Space could indeed become the final frontier for a 29-year-old network technician who was chosen as the winner of a Windows Vista promotional contest -- as long as the taxman doesn't put a crimp in his flight plans.
William Temple, who works at medical insurer HealthNet in California, was announced today as the winner of the US$250,000 grand prize from Microsoft's "Vanishing Point" promotion, qualifying him for a 2009 flight that would blast him 62 miles into the air -- to the edge of outer space. In a random drawing, Temple's name was selected from among those of the 87,000 registered players of Vanishing Point, an interactive puzzle game sponsored by Microsoft and Advanced Micro Devices.
The monthlong game involved arcane puzzles and cryptic clues that were handed out to would-be puzzle solvers via Las Vegas light shows during the Consumer Electronics Show, skywriting above four cities, coded images projected onto monuments and a fireworks finale above Seattle.
Temple was chosen as the winner last Tuesday despite freely admitting that he had accumulated only 370 points out of the 1,500 maximum and that after solving the first puzzle on his own, he benefited from solutions posted on the Internet by other game players. According to Microsoft, any player could win, but a higher number of points increased someone's chance of winning.
"We had some people who solved every single puzzle," said Aaron Coldiron, a Vista manager at Microsoft. "But we feel good about Will winning. He's right in the target demographic."
That demographic, according to Microsoft, was men who are between the ages of 18 and 35 and are interested in technology. Reaching that group via conventional advertising is increasingly difficult and expensive. Coldiron said the total cost of staging the Vanishing Point game was "less than a single Super Bowl commercial." The going rate to air a 30-second spot during this year's game was as much as US$2.6 million, which doesn't include the costs of producing the commercial.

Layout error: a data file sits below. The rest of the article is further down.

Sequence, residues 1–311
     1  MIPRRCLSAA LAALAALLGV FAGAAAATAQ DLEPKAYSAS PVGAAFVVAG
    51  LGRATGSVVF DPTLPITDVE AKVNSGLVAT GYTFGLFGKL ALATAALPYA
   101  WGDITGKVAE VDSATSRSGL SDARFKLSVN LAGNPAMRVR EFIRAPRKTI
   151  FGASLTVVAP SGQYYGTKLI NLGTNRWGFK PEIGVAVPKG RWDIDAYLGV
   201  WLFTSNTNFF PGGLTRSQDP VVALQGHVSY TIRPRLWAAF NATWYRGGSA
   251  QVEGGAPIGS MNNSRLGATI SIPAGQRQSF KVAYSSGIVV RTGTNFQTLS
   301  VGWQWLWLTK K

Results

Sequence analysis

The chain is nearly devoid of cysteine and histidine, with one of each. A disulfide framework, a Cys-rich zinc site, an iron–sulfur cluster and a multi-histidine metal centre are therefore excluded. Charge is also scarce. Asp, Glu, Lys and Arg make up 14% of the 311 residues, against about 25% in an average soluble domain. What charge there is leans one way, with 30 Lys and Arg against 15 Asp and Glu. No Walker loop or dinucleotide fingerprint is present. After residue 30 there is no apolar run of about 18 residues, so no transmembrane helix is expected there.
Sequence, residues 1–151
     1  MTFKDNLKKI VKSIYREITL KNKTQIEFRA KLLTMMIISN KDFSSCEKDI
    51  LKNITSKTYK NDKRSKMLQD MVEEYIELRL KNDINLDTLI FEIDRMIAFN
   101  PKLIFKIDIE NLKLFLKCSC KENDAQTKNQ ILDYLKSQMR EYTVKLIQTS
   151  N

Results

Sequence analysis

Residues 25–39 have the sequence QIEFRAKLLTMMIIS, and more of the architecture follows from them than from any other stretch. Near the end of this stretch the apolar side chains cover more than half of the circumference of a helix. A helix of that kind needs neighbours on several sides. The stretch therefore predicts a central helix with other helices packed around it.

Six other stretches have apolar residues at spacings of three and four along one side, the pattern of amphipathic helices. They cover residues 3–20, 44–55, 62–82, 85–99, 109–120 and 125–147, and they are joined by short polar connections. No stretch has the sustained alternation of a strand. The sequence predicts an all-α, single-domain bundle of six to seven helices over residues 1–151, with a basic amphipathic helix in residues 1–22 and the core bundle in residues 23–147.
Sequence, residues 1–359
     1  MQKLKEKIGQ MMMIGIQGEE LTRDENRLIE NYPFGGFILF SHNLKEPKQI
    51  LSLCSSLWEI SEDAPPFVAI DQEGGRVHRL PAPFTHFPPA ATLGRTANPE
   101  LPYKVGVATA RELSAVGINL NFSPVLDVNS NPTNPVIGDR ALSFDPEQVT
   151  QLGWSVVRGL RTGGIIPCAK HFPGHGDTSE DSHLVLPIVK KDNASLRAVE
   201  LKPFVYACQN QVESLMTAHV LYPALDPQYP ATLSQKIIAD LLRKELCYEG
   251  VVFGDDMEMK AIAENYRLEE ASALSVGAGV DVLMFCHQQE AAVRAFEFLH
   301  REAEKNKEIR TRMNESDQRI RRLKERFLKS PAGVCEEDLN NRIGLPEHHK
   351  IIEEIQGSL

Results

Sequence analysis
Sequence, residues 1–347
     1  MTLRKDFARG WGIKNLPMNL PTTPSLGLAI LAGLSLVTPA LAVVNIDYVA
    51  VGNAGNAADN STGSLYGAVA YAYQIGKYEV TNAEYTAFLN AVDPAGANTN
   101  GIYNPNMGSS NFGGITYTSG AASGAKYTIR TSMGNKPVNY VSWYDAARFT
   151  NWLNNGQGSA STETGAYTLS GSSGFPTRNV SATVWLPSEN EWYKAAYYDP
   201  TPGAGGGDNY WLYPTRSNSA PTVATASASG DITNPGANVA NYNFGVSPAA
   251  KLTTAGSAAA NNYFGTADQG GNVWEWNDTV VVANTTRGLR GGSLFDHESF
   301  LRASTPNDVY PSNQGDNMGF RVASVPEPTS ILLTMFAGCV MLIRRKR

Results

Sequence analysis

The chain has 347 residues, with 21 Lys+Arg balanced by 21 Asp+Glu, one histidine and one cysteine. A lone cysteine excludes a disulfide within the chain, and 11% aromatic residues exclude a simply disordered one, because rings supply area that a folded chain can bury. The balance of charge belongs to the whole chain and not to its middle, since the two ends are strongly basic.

Not that Microsoft isn't investing elsewhere: it's expected to spend US$500 million to market Vista this year, according to published reports.
Some US$50,000 of that money will go to help Temple pay taxes on his flight, which is valued at US$196,500. The tax payment could be crucial: In 2005, the winner of an Oracle contest that would have given him a free space flight ultimately declined the trip because he would have had to report the ride, valued at US$138,000, as income and pay US$25,000 in taxes as a result.
Coldiron said Microsoft is working with Temple to "understand his tax situation" and will offer additional money if his tax bill from the trip turns out to be even higher than the budgeted US$50,000.